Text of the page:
The patient\\\'s family was also screened by physical examination and a fasting lipid profile. Both his parents and all his siblings had elevated serum cholesterol levels and serum LDL levels with slightly elevated triglycerides and normal HDL levels. Skin lesions similar to the ones seen in the patient were present in his brother along with murmur of aortic stenosis. Thus on the basis of history, physical examination showing xanthomata, findings of CT angiogram and results of lipid profile of the patient and his family, he was diagnosed as a case of homozygous Familial Hypercholestremia (type II hyperlipoproteinemia) with supravalvular aortic stenosis. Secondary causes such as nephrotic syndrome and hypothyroidism were excluded.
The patient was advised strict diet control. Treatment with simvastatin was started with 20 mg/day initially. Dose was gradually increased to 60 mg/day over a period of 3 months. Baseline liver function tests and creatinine kinase were done before initiation of therapy with statins. Aspirin was prescribed to prevent any thromboembolic event. The patient is currently awaiting aortic root reconstruction surgery to correct his supravalvular aortic stenosis with calcification.
The patient is followed up regularly in the out-patient department and lipid profile is repeated every 3 months. Since his initial visit, his total serum cholesterol has decreased by 20% and his LDL level has decreased by 25%. The goal is to bring down the cholesterol level to less than 200 mg/dl and LDL level to at least below 130 mg/dl which are near optimal values as recommended by ATP III guidelines. This would lead to an improvement in the cholesterol to HDL ratio which is the most important predictor of atherosclerosis.
The patient is monitored for any adverse effects of the drug therapy and liver function tests are scheduled at regular intervals.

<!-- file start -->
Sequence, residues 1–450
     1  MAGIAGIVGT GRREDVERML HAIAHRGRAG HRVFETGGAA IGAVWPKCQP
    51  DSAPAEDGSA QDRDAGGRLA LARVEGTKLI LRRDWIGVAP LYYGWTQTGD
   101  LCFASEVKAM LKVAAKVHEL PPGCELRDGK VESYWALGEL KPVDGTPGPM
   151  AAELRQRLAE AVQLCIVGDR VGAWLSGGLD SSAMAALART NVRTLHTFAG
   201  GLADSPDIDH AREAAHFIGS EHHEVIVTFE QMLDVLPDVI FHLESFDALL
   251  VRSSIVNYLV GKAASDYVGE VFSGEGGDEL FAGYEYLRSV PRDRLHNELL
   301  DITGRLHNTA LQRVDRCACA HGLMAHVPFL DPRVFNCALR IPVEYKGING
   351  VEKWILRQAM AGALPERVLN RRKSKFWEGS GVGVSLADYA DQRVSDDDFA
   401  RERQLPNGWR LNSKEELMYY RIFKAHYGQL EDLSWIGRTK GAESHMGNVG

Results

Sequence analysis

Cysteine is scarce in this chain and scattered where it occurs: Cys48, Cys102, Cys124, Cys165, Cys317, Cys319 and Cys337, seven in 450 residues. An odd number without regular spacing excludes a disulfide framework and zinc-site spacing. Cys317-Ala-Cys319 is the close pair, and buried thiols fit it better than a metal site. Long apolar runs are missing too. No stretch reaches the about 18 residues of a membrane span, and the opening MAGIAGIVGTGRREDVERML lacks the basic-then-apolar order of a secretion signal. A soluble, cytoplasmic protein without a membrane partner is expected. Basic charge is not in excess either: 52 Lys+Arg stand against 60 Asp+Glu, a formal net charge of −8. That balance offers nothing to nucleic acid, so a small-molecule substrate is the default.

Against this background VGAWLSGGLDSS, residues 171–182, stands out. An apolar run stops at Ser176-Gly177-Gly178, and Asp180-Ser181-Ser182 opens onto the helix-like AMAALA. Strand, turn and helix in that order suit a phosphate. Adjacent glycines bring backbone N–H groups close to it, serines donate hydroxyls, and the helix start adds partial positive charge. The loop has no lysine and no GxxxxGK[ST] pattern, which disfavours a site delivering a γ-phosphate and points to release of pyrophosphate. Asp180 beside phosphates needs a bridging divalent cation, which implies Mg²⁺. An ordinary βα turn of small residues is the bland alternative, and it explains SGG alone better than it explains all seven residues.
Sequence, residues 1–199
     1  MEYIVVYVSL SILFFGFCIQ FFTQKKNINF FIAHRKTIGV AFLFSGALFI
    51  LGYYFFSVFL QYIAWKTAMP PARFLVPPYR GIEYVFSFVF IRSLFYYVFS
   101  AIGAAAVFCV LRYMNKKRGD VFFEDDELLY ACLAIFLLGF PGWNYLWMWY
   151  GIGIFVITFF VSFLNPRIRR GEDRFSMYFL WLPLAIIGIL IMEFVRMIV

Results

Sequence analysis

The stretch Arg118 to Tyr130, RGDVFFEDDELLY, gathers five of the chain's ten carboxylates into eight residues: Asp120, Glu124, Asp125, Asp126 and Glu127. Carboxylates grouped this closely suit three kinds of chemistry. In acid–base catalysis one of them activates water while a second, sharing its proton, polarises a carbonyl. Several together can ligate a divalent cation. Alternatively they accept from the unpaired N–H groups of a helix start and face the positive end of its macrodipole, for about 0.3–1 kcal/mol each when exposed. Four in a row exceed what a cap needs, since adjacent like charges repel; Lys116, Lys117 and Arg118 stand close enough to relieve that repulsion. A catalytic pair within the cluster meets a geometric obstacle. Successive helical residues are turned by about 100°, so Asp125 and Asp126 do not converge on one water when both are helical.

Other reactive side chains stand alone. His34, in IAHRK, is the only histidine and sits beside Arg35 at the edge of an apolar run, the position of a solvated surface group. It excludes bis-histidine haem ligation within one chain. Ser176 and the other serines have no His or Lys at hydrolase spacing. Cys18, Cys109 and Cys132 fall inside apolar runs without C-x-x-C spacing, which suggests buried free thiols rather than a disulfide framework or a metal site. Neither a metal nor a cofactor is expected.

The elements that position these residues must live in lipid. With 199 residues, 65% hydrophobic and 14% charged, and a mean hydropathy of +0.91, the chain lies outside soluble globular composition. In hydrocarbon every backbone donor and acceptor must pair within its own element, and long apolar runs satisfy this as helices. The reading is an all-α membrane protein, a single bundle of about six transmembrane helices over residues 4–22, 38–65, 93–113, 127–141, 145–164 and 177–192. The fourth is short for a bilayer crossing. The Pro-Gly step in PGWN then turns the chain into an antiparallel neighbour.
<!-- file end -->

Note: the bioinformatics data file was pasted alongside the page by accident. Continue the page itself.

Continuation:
Familial Hypercholesterolaemia is a genetic disease with hereditary transmission, but it presents with a wide range of phenotypic expressions. The variability is the result of various types of underlying mutation in the LDL receptor gene all of which result in Familial Hypercholesterolaemia. Risk factors such as age, gender, smoking and hypertension also contribute to the clinical signs and symptoms seen in the patient at the time of the onset of the disease.6
The typical manifestation seen in homozygous Familial Hypercholestrolaemia patients are coronary ostial stenosis and aortic root stenosis which occur due to cholesterol deposition in the aortic root at a young age.7
Contrary to homozygous Familial Hypercholesterolaemia, in the heterozygous strain the usual age of presentation is highly variable and depends on the molecular defect in the LDL receptor gene. Patients with coexisting cardiac disease risk factors may present at an earlier age with symptoms of cardiovascular disease.
Most common cardiovascular presentation in homozygous Familial Hypercholestraemia is premature ischaemic heart disease, but relatively few cases present with earlier anginal symptoms due to atherosclerotic involvement of aortic root or supravalvular aortic stenosis.8 There should be a high index of clinical suspicion in considering valvular heart disease when chest pain is reported with clinical and laboratory features suggesting homozygous Familial Hypercholestrolaemia in young adults.
An earlier intervention of supravalvular aortic stenosis along with lipid-lowering therapy decreases morbidity and mortality.9 Guyton JR et al reported in their study that a combination treatment with statin, ezetimibe and extended-release niacin may prove to be more beneficial than any of these drugs used alone.10 Statin therapy also has the added advantage of improving endothelial dysfunction in Familial Hypercholesterolaemia patients.
Invasive procedures such as lipid apheresis and liver transplant may be a last resort in patients who have no functional LDL receptors and are not responding to pharmacological therapy. Both procedures are expensive and have limited availability. Patients presenting with cardiac symptoms may need CABG or surgery involving the aortic root.
Supravalvular aortic stenosis should be considered a possible diagnosis in young adults presenting with anginal symptoms with clinical and laboratory features suggestive of homozygous Familial Hypercholestrolaemia. Early diagnosis and intervention may lead to decrease in morbidity and mortality.
We acknowledge the support of Dr. M Adeel Alvi and Hamza S Gorsi MD for peer-reviewing the manuscript, and the patient and his family for all their cooperation.